This curriculum unit models the process of scientific inquiry. Scientific inquiry is a major feature of all of my classes, so this unit at the beginning of the year is an extremely useful introduction to the process. The unit begins with an introduction to observation. The purpose of this section is to increase the students' awareness of the world around themselves. My students, as many high school students are, are still in a very egotistical phase of development and need to be trained to observe the world around them. In the next section the student's observational skills are put into practice. In that section we will begin to study some "things", food related items in particular. In the process of scientific inquiry, this is the part where the curiosity and, therefore, the inquiry starts. This is the place where questions begin to be asked. The next part of the unit, the "what do the things tell us" part of the unit, is where we start to think more deeply about the questions that came out of the things part of the unit. In this section we also start to think about what the objects can tell us. As it happens, all of the objects the students will study in this unit will have something to do with food preparation and eating. The next logical step, then, is to think about what types of foods individual cultures were eating such that they needed to make and use these food tools. In this section the students will choose a culture to research. They will try to discover what types of food were being eaten by their chosen culture, but they will also begin to study the ways in which information about cultures and peoples is gathered. This is one of the data collection phases of this unit. After the students have researched another culture's eating habits, they will research their own eating habits. They are, after all, still in an egotistical phase of development. After the food data has all been recorded, it will need to be analyzed. However, as this unit will be presented at the beginning of the year, the students will need some tools to help them analyze their data. In this case, they will need some nutritional guidelines. In this section, good food and good nutrition, the students will learn about the parts of a balanced diet. Using this new tool, the students will analyze the nutritional content of the food choices made by the culture they researched and the food choices that they made for themselves. The last piece of the curriculum unit is a conclusion and a new beginning. The students will look at their own diet and the diet of the culture that they studied and develop a new diet for themselves based on the results of the nutritional analysis of the two diets.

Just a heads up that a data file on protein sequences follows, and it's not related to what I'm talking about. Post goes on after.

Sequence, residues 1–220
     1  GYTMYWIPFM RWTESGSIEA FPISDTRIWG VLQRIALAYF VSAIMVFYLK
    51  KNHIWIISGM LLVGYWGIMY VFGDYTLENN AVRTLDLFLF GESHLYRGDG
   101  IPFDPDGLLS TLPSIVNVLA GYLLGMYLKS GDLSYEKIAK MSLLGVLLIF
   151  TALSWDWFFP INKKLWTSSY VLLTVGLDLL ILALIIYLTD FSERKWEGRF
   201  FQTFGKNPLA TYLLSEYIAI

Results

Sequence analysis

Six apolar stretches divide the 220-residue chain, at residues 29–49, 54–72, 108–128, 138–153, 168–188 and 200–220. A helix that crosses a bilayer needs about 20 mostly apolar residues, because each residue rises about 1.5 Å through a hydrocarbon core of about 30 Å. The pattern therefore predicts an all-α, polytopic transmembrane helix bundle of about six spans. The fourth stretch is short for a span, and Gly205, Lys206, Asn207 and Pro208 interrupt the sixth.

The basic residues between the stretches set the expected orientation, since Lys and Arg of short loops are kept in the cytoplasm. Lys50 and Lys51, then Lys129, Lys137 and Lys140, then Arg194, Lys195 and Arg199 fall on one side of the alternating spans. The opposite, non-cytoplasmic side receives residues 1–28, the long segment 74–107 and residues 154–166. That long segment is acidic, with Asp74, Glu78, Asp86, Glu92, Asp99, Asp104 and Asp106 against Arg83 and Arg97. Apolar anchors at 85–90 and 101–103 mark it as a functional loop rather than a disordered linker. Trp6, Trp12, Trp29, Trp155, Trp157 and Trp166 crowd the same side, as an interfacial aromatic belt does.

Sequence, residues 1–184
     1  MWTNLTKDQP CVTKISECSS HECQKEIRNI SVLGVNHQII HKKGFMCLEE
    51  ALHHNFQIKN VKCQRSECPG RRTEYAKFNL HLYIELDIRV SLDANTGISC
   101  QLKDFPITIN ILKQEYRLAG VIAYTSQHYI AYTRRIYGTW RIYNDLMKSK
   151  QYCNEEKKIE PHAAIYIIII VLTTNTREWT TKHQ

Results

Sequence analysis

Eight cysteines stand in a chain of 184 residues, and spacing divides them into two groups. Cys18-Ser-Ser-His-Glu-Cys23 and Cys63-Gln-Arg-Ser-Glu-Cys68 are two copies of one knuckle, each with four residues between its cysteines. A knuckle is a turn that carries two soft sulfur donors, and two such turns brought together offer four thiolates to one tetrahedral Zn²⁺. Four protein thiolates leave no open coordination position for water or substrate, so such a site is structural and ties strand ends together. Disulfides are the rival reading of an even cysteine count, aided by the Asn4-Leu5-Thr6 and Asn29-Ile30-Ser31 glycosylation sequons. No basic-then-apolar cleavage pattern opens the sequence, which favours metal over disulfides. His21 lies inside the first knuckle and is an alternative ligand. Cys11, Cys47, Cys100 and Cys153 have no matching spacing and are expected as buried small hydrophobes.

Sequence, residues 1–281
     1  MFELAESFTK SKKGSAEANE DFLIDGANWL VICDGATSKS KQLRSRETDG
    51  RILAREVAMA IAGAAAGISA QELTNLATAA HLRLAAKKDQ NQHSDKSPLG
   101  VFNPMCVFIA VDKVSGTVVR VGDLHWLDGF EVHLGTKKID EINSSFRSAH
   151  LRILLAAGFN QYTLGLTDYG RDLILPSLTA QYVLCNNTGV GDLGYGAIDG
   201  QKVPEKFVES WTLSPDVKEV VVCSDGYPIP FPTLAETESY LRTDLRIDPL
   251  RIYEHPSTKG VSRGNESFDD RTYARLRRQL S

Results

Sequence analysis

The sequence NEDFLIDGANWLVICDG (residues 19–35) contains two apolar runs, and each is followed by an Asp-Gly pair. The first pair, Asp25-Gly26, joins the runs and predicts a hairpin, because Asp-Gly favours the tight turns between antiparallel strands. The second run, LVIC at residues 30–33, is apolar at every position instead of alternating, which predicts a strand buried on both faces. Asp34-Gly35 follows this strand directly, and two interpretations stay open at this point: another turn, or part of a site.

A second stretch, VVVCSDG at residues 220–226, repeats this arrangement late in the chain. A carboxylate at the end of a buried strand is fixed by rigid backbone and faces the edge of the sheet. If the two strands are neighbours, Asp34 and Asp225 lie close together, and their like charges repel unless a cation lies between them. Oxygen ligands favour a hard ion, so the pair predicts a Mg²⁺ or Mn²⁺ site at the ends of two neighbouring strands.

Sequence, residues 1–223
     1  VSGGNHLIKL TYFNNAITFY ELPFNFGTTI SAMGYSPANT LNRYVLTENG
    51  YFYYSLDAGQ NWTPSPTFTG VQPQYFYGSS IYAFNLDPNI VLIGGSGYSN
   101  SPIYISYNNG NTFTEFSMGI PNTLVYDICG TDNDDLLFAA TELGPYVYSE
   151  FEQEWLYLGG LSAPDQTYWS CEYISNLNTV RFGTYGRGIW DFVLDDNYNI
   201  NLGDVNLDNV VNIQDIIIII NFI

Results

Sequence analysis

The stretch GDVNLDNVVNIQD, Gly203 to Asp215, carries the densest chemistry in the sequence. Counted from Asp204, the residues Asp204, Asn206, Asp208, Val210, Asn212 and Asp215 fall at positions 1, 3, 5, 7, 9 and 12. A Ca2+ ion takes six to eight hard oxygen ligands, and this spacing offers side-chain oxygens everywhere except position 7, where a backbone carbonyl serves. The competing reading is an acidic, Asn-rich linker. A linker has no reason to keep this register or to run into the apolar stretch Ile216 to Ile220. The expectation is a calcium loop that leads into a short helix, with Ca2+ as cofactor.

The first part of this unit is about learning to gain information about the world around us. Naturally, there are many ways in which humans perceive the world. Because of the way that our brain works, much of the information we receive is subliminal or becomes subliminal. This part of the unit is designed to teach the students to train themselves to notice the information they are receiving. In other words, they are training themselves to see the subliminal. In this section you will find the projects and experiments which will help the students to do this.